Biodiversity of Tropical Land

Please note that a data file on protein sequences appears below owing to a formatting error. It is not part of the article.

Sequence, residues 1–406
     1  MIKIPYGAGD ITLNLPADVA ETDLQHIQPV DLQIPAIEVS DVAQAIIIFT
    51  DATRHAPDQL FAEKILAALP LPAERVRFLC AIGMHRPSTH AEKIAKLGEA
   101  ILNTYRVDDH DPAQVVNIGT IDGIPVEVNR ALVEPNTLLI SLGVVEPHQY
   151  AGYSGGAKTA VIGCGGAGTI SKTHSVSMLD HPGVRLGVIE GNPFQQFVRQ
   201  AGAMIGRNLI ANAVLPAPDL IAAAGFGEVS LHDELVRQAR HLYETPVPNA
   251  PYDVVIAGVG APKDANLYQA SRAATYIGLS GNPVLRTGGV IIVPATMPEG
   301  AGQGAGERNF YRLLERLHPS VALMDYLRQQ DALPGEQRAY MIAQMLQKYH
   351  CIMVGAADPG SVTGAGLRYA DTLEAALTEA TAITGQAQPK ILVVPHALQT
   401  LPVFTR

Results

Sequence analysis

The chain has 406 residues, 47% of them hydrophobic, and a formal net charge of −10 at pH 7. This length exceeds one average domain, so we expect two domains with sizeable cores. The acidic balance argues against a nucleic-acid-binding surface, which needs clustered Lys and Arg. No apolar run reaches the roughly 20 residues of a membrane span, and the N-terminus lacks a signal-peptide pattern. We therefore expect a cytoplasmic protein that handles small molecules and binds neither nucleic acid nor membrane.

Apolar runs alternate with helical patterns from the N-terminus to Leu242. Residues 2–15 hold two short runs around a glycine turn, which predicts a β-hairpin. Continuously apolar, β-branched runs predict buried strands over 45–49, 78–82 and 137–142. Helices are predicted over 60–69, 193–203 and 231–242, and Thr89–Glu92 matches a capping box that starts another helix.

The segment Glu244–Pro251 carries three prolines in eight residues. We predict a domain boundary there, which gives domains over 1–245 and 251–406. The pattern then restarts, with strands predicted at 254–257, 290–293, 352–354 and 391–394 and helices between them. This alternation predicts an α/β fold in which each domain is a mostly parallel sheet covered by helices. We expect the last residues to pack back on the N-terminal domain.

The tropical region is world's richest in terms of biodiversity. Over geological tim-escales, the tropics have had a more stable climate than the temperate zones. In the tropics, therefore, local species have continued to confine themselves to this region, whereas in temperate zones they have tended to disperse to other areas. Tropical communities are older than temperate ones and so there has been more time for them to evolve. This could have allowed them greater degree of specialization and local adaptation to occur. The warm temperatures and high humidities of most tropical areas provide favorable conditions for many species that are unable to survive in temperate areas. In the tropics there can be greater pressure from pests, parasites, and disease, which stops any single species from dominating, and so there is the opportunity for many species to coexist. Among plants, rates of outcrossing appear to be higher in the tropics, which can lead to higher levels of genetic variability. Tropical areas also receive more solar energy over the year, so tropical communities are more productive or have a greater resource base that can support a wider range of species (Michael 2001).

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